CAPE CANAVERAL, Fla. — SpaceX has fired up the rocket booster that will ferry the company's next batch of Starlink satellites into space.
The company conducted a static-fire test on Tuesday (Nov. 5) of a Falcon 9 rocket at Space Launch Complex 40 at Cape Canaveral Air Force Station in Florida, the company said on Twitter. That rocket is expected to send 60 Starlink internet satellites into space no earlier than Monday (Nov. 11), ending a nearly three-month launch hiatus for the company.
The last time a SpaceX Falcon 9 took to the skies, it carried the Israeli AMOS-17 communications satellite on Aug. 6. Now, the company will return to loft a second batch of Starlink satellites, after a prototype set launched in May. The company is also using the flight to target several reusability milestones.
Next week's flight will mark the first time that SpaceX has flown the same Falcon 9 first-stage booster four times. This particular booster, dubbed B1048.4 by the company, first flew more than a year ago. On July 25, 2018, it carried a batch of Iridium satellites into orbit; on Oct. 8, 2018, it lofted the Argentinian Earth-observing satellite SAOCOM 1-A, and on Feb. 22, it ferried the Nusantara Satu Indonesian communications satellite and the Israeli Beresheet lunar lander into space.
In addition, during the upcoming Starlink launch, SpaceX will attempt to reuse a payload fairing for the first time. Also known as the rocket's nose cone, the payload fairing shields the rocket's contents as it travels through the atmosphere.
SpaceX's philosophy has always been that a fully (and rapidly) reusable rocket is the key to dramatically reducing the cost of spaceflight. Currently, a Falcon 9 launch costs around $62 million. Although SpaceX has proved it can reuse the most expensive portion of the rocket, the first stage, the company would like to reuse much more, essentially making fuel the only major expense.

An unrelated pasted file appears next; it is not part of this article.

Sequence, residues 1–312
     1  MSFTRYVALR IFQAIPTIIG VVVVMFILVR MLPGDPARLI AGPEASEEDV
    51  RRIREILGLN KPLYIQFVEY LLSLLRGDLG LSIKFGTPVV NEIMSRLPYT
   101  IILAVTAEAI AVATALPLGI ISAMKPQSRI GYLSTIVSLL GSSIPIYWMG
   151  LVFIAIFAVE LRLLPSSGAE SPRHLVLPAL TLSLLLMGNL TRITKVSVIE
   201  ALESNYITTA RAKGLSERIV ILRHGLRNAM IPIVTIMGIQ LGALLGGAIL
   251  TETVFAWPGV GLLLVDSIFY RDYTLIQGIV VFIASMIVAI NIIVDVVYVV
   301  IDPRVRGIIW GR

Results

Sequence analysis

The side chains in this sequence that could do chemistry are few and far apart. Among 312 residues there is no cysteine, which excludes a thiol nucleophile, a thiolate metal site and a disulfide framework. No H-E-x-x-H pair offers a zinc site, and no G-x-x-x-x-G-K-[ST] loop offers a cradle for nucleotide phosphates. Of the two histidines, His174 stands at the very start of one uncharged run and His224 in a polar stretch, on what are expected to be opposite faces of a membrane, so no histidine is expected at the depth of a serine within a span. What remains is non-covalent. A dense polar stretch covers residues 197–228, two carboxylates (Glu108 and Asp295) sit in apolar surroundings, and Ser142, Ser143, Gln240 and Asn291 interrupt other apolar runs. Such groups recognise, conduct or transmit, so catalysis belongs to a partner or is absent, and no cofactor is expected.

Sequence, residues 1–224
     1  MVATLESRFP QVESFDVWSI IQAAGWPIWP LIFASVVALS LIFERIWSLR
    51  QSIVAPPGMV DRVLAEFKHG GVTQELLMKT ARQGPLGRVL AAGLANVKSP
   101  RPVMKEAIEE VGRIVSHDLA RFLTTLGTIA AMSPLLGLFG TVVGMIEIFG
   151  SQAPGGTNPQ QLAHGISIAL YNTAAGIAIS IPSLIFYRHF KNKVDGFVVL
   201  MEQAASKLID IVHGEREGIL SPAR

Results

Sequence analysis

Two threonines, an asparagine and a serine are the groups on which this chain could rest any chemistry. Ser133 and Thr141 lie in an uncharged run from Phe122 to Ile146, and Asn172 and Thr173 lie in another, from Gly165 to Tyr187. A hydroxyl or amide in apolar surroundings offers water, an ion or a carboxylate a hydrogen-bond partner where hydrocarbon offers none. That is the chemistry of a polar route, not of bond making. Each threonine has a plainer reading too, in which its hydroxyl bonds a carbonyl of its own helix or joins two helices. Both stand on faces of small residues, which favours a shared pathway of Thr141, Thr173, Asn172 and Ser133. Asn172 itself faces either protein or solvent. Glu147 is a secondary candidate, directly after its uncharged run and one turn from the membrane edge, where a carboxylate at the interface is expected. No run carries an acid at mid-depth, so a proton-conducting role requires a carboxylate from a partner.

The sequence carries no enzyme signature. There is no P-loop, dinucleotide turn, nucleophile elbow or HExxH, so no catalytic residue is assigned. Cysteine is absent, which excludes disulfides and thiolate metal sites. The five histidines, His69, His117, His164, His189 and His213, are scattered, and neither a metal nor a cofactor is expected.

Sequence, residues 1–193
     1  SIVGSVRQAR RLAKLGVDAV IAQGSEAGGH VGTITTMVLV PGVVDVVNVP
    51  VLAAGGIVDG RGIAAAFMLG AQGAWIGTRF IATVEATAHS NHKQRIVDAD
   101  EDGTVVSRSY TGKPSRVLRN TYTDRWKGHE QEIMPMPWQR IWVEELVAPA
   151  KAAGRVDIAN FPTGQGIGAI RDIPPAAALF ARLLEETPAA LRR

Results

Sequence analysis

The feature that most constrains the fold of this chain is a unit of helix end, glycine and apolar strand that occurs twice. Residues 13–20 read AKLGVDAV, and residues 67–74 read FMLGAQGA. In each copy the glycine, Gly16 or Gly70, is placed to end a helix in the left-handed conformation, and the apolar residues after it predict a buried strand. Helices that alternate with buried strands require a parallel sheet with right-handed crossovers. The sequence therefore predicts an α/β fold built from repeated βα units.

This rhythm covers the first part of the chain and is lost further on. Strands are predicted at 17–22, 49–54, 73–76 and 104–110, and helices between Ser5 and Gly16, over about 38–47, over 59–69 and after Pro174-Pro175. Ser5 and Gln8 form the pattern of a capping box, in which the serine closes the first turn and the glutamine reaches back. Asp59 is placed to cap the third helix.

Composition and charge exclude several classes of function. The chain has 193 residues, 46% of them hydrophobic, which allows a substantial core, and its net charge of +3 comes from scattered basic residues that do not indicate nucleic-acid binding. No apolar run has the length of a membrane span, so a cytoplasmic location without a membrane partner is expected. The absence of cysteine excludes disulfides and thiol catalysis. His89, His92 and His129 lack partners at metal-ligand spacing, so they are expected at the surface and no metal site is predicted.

The fairing supporting this mission previously flew on Falcon Heavy’s Arabsat-6A mission pic.twitter.com/iTgqqtl1pWNovember 5, 2019
To that end, SpaceX has transformed two ships into mobile catcher's mitts, each outfitted with four arms and a giant net strung in between to attempt to catch the fairing halves as they fall back to Earth. Saltwater is extremely corrosive, so keeping the fairing halves dry, rather than letting them splash down in the Atlantic Ocean, is crucial to reuse.
SpaceX uses identical fairings for its Falcon 9 and Falcon Heavy rockets. Each one costs about $6 million, so there's a significant financial incentive to recover and reuse the fairings. SpaceX fairings are composed of two halves, each of which is equipped with small steering thrusters and parachute-like equipment to aid in recovery efforts.
SpaceX's first successful catch came in June during a Falcon Heavy launch, when one half of the rocket's nose cone glided into the outstretched arms of the boat GO Ms. Tree (formerly known as Mr. Steven).
But that isn't the fairing that will fly again. On Monday, SpaceX will attempt to reuse a fairing recovered from the Atlantic Ocean back in April after they helped a Falcon Heavy deliver the Arabsat-6A communications satellite into space. SpaceX did not specify what sort of refurbishments the fairing halves have gone through.
On board next week's rocket will be SpaceX's second batch of 60 experimental Starlink satellites designed to provide internet access. The company launched a first group of 60 in May and plans for its burgeoning constellation to eventually be more than 40,000 satellites strong, according to recent filings.
The initial Starlink plan called for a megaconstellation of 12,000 satellites. But SpaceX recently filed paperwork with the International Telecommunication Union, a United Nations agency that manages the global satellite radio-frequency spectrum, to launch another 30,000 satellites.
Company CEO Elon Musk has said SpaceX will need at least 400 Starlink satellites in orbit for "minor" broadband coverage, and 800 satellites aloft for "moderate" coverage.
Last month, Musk tweeted via Starlink for the first time. And with as few as six to eight more launches, the company says it could begin offering broadband service in the United States by mid-2020.
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